That’s interesting 939 Records offering M3530 for $1000! Maybe it will become quite sort after, after all. Perhaps the CR equivalent of NY23! I’ll report back once I receive the record.

              • Hi again Rudolph, I have just received my C3530 copy, the cover is superb, almost NM-, so I am very happy about that. The record is also more like NM-, so I am very happy about this too, as both were described as VG++
                I checked the stampers however, and they are D2, not D1 as I had hoped. I’m not disappointed though, as I purchased this for a steal, timing was everything!

                • Great! Re D2, it only seems logical that it is not D1, since it is a second issue, which is often found in D4.

  5. there is another inner sleeve that runs up to m3602 smack up with blue and black printing. the address is la 69 and the copyright info printed on the sleeve indicates that it was printed some time 1961 or later.

  6. The bottom line is are we to assume anything with the LKL or LKS stamp is some era of original pre fantasy original Contemporary pressing?

    • That is my belief, yes. The clone-makers have never have access to original master tapes, or metal-ware derived from the master acetate. Hand-etched references to the catalogue number or matrix code is a signature of cloning. I guess they figured most people wouldn’t know any better.

      Contemporary did reissue earlier recordings themselves in the ’70s, but I guess they had access to original sources. “Genuine reissues” is a grey area.

  7. Where does the label with the ‘CR’ inside of the ‘O’ in RECORDS fit within this timeframe? Art Pepper’s “+Eleven” for example.

    • I am too interested in that question but obviously noopne at LJC knows something or hasnt seen these labels. The (boxed) CR logo appears on different places on the C label

    • The answer to this is lurking around Jazzcollector.com somewhere. I’ve seen it but I forget. Either way, both sleeves are later than the earliest Contemporary pressings, which had no inner sleeves.

      • you are right, earliest CR without sleeves. Thereafter came a blank sleeve without print, then a blue print (early version – I cannot describe without pictures) and the last version inner came in the red or blue print, same model both, of which the blue one seems the earlier.

  8. Interesting quote taken from http://www.soundfountain.com/contemporary/contemporary.html
    “(…) all of the mastering moves on all of Contemporary’s records were carefully recorded in mastering notes every time a lacquer was recut. I recut several of them myself up to 1980, when we had to move the company and shut down our studio and I wrote a detailed roadmap of what I did –every eq or level move (or any other devices that may have been utilized) — for every lacquer that was processed. So if Fantasy had cared to follow those notes (some of which changed a little over time, as the equipment improved (viz your accurate observation regarding the frequency response of the early stereo cutting heads). Also, reverb on Contemporary’s recordings was accomplished with mono EMT plate during mastering — something Roy always advocated should be improved. But by the ’80s, most mastering studios did not add reverb during mastering at all and Fantasy was no exception. So, in general, the Fantasy reissues sound dry and tinny because of the lack of reverb and the failure to realize or compensate for the fact that the high end was pre-emphasized. And, in general, the Fantasy masterings lacked the musicality of the lacquers we cut because in addition to having referenced the tape machines as the recordings were intended to be played back and adding judicious reverb, we were making moves to compensate for peccadilloes on the original recordings, which were, after all, recorded live and seat-of-the pants. .” – John Koenig, November 30, 2011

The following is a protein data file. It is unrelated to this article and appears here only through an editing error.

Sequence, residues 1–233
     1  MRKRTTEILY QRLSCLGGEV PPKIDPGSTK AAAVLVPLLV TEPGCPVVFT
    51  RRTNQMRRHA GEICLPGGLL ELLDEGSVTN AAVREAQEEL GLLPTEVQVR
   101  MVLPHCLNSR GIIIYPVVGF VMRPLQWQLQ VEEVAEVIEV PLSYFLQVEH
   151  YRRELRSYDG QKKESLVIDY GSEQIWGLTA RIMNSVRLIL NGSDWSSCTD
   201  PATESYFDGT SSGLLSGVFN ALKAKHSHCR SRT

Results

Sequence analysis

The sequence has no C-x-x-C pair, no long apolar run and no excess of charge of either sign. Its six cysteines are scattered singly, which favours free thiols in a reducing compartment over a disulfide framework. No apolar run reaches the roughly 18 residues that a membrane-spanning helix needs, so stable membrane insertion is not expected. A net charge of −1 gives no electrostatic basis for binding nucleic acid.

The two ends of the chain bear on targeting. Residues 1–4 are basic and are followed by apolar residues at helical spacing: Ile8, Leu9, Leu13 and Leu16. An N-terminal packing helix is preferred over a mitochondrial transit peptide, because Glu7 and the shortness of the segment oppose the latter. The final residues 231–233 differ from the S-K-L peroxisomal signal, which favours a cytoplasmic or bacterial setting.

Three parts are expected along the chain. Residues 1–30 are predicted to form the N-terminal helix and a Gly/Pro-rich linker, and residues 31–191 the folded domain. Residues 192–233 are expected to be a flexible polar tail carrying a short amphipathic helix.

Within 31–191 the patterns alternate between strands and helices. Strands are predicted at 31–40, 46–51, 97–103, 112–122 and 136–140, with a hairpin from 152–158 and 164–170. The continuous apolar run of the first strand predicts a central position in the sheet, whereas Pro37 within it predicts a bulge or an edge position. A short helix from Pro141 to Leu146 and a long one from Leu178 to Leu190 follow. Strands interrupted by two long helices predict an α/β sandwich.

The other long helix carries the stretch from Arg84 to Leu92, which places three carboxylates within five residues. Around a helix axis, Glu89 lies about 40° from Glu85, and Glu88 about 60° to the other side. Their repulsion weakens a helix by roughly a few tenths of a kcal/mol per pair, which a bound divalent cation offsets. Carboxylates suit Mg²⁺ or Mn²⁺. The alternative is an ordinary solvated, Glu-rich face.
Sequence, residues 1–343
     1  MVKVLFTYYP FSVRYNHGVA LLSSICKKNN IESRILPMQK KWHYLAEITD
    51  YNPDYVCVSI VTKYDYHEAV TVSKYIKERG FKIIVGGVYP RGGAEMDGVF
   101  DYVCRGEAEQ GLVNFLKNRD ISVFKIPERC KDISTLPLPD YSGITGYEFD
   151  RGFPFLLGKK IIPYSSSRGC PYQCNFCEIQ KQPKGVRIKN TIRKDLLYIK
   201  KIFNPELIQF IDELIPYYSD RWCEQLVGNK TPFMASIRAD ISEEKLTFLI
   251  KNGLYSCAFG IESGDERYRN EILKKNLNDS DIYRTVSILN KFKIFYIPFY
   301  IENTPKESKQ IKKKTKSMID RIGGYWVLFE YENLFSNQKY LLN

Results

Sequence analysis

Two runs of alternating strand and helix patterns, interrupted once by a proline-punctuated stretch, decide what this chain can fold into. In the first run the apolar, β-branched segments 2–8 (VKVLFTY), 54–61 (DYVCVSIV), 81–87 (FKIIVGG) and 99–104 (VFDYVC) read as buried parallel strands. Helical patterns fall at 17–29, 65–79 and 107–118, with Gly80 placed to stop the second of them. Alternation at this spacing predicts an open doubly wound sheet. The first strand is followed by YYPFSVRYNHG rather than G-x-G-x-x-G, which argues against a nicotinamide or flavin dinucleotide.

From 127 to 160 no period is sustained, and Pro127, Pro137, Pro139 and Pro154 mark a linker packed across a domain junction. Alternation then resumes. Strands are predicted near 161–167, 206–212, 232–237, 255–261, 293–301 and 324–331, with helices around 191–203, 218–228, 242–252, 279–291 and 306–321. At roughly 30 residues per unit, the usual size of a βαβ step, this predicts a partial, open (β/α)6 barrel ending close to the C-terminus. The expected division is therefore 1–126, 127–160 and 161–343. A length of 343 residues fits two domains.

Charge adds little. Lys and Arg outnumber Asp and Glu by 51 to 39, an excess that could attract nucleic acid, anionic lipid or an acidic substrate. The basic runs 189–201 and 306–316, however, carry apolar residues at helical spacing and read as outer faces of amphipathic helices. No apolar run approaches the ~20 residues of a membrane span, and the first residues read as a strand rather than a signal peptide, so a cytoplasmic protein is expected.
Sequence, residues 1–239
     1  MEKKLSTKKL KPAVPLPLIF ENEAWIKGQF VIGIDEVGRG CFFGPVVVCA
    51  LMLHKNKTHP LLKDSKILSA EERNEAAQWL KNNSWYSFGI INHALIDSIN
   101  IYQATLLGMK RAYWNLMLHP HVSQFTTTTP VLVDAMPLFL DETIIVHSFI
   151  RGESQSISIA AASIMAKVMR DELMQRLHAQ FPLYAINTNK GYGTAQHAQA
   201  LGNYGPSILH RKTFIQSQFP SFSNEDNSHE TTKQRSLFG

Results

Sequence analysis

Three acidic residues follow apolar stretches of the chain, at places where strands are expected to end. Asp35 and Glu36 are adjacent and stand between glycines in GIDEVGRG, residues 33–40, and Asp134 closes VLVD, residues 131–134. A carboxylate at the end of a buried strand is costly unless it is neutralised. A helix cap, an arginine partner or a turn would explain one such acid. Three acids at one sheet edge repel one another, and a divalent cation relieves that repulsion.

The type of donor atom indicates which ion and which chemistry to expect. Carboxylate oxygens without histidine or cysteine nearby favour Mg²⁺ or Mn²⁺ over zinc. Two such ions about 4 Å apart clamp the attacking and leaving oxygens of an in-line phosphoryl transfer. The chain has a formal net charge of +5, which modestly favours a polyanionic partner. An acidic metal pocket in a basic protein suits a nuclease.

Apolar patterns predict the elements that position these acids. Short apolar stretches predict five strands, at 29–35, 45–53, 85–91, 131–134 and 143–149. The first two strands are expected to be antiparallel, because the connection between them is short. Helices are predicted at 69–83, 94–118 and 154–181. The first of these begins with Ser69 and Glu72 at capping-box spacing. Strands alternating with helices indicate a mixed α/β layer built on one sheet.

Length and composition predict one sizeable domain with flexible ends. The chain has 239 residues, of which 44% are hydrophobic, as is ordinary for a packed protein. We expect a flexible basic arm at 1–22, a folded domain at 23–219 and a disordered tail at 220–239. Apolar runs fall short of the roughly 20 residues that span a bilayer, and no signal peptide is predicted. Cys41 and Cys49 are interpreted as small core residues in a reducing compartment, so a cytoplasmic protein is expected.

• can anyone tell me if the color of the top line on the back cover (Red, Blue, black) says anything about the originality of the copy?

        • I’m not especially knowledgeable other than trawling the internet for wasted hours, but as far as I can see, not all albums were given the coloured text and frame treatment by Contemporary. I reckon more than half of the titles in the C3500 series I have researched turn up only ever with black text. Not to say coloured text/frame don’t exist, but if our friends in Tokyo don’t turn one up its a safe bet it doesn’t exist.

          Some – very few actually – are found in two different liveries (the Pepper and the Rollins), others are just one coloured text frame 1st , and black text later. After C3544 there are almost no coloured text/frame covers, as though the design idea had run it’s course.

          There seem to be several themes in the Contemporary designers mind. Initially they picked colours for text and frame that featured in the front cover. Perhaps that became too onerous, and they quickly defaulted to red (Red Mitchell, Red Norvo etc) many many red, unless there was a special angle. Inexplicably, a Curtis Counce is Purple. Why?

          Fascinating, viewed from a distance. I knew none of this before, because we Brits bought our Contemporary through the very excellent Contemporary Vogue pressings, from Decca.

          • in the early issues two-tone backs were the majority. The original 3506 with the blue print in front however, came with 100% black print on the rear. The re-issue with the young lady came with red print on the rear, though nothing in red on the front. A random choice? 3509 has two colours in front (blue and green), you will find them back on the rear for a rare three-tone cover, the only one with the renegade Pepper. A notorious example of an all blackink rear: 3526.